Guest: MAPS 4 funds could have significant impact for Oklahoma City's homeless

Our city is on the cusp of an investment that will change the lives and futures of thousands of people. Oklahoma City has over 20,000 families on a waiting list for subsidized housing and as of March 17, 2023, we have 1,339 people experiencing homelessness.

The devoted staff at our respective agencies witness each day the need for more housing and the impact that our shortages have on the lives of people on waiting lists. The Point in Time survey conducted each year provides organizations like ours, the Homeless Alliance, Mental Health Association Oklahoma, Pivot Oklahoma City and the Oklahoma City Housing Authority (OCHA), with data and demographic details to better understand our community’s needs for housing and services.

In 2019, Oklahoma City residents voted to fund MAPS 4. Addressing homelessness was identified as a high priority and "Homelessness" was included in the list of proposed projects to be funded by our temporary penny sales tax.

The Oklahoma City Council meeting room is shown in 2022 at City Hall.
The Oklahoma City Council meeting room is shown in 2022 at City Hall.

Our four agencies have partnered consistently over the past decade and formally came together when the city sought applications for the MAPS 4 Homelessness operator. Oklahoma City Housing Authority’s proposal, with Homeless Alliance, Pivot and Mental Health Association named as partners, combines the experience of the top agencies that provide housing and supportive services for persons experiencing homelessness and most vulnerable populations in our community: youths, elderly, veterans, disabled and those with mental health or substance use challenges. The very populations that our residents prioritized in MAPS 4.

We have a history of collaboration using a “housing first” model to serve those who are unsheltered or at risk of becoming homeless. With the basic need met for a safe, affordable place to live, people are better positioned to maintain employment, seek out resources and allow children to better succeed in school. In other words, housing is one of the first things people must have to create a better future for themselves and their families.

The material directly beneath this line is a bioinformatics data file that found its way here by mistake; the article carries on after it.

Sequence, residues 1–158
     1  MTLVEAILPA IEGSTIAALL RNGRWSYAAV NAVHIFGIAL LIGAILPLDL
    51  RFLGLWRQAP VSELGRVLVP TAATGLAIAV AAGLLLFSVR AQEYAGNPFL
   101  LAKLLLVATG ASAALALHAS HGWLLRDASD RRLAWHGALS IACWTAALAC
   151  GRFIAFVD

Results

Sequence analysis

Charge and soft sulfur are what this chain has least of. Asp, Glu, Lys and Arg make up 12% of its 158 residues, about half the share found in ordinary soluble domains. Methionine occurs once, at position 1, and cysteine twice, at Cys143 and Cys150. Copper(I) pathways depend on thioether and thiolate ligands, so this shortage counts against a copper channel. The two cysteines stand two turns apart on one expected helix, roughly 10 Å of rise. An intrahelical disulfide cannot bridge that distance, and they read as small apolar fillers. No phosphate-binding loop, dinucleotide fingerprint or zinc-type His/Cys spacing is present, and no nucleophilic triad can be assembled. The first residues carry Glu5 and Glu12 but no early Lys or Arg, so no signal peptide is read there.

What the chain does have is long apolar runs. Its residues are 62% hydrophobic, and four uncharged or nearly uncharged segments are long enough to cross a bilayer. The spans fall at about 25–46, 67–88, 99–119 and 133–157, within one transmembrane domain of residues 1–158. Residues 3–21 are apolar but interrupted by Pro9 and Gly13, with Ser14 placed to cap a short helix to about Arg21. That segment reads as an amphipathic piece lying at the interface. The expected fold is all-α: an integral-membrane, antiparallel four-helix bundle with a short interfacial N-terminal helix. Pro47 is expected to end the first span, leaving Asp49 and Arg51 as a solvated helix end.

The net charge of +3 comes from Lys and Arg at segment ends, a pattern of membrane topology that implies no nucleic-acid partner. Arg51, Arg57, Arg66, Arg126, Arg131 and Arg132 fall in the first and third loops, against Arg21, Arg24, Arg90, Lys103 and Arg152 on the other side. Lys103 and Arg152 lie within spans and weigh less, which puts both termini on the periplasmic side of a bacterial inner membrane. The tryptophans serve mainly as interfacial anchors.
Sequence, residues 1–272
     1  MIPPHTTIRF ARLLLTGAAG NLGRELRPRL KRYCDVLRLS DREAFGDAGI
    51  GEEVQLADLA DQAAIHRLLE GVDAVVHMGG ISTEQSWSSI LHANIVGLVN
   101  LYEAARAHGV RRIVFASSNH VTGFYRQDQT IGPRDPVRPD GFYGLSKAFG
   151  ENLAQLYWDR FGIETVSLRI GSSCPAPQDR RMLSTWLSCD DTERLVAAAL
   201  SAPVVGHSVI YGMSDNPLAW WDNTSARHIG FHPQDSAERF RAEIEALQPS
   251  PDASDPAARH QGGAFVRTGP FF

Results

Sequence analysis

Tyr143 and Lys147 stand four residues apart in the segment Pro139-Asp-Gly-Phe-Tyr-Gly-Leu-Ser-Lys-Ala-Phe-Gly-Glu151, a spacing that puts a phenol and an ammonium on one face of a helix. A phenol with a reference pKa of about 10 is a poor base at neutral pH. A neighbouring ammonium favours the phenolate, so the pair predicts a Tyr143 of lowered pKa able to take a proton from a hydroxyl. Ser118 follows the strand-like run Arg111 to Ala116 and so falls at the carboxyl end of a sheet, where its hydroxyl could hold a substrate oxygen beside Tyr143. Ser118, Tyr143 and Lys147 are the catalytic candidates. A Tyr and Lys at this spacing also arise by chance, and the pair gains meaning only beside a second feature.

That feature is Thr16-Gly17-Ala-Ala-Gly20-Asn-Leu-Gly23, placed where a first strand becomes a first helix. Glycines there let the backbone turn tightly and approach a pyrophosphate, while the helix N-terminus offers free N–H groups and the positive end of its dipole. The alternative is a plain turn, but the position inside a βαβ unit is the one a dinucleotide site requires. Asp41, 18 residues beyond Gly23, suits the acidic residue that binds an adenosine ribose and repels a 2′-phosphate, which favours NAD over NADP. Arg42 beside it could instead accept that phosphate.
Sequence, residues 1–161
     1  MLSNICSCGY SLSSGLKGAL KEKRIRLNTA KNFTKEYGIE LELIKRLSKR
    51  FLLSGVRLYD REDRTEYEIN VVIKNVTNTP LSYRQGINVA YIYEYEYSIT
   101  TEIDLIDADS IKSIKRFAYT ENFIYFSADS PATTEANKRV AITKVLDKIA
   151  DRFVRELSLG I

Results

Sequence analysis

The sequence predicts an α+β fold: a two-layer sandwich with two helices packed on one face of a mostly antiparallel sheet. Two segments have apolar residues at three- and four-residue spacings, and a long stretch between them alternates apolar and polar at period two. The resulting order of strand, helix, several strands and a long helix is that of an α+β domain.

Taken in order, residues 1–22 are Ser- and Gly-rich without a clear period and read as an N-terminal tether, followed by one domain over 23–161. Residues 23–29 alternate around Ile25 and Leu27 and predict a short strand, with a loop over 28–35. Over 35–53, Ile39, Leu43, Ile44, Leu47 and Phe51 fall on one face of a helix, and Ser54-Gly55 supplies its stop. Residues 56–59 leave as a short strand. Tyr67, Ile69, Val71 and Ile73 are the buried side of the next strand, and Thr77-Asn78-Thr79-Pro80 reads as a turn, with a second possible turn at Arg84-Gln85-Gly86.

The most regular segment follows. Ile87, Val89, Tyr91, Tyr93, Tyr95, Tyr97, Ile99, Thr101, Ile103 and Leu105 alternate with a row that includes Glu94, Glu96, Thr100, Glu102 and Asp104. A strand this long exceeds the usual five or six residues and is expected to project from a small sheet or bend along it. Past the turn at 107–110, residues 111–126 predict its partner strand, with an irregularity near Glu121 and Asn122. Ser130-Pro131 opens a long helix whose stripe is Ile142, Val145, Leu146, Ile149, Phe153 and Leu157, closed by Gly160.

The currently available low-income housing is on average 50 years old. Federal funding for repairs and improvements has been significantly cut over the past several decades, leaving much of our public housing in desperate need of repairs and maintenance.

The projected $55.7 million that will be distributed via MAPS 4 will significantly impact our unhoused neighbors: the 1,339 people experiencing homelessness, the 7,500 people currently utilizing public housing and the over 20,000 families on a waiting list.

With our shared mission to serve those experiencing homelessness and ensure housing for the most at risk, we look forward to the opportunity to partner with Oklahoma City Housing Authority as the MAPS 4 Homelessness operator. This week’s city council vote is an important step to providing our community with much needed support and resources.

Pictured clockwise from top left are Dan Straughan, Terri White, Mark Gillett and Jennifer Goodrich.
Pictured clockwise from top left are Dan Straughan, Terri White, Mark Gillett and Jennifer Goodrich.

Dan Straughan is executive director of Homeless Alliance; Terri White is CEO of Mental Health Association Oklahoma; Jennifer Goodrich is the president and CEO of Pivot; and Mark Gillett is executive director of Oklahoma City Housing Authority.

This article originally appeared on Oklahoman: Oklahoma City's homeless could benefit from MAPS 4 funding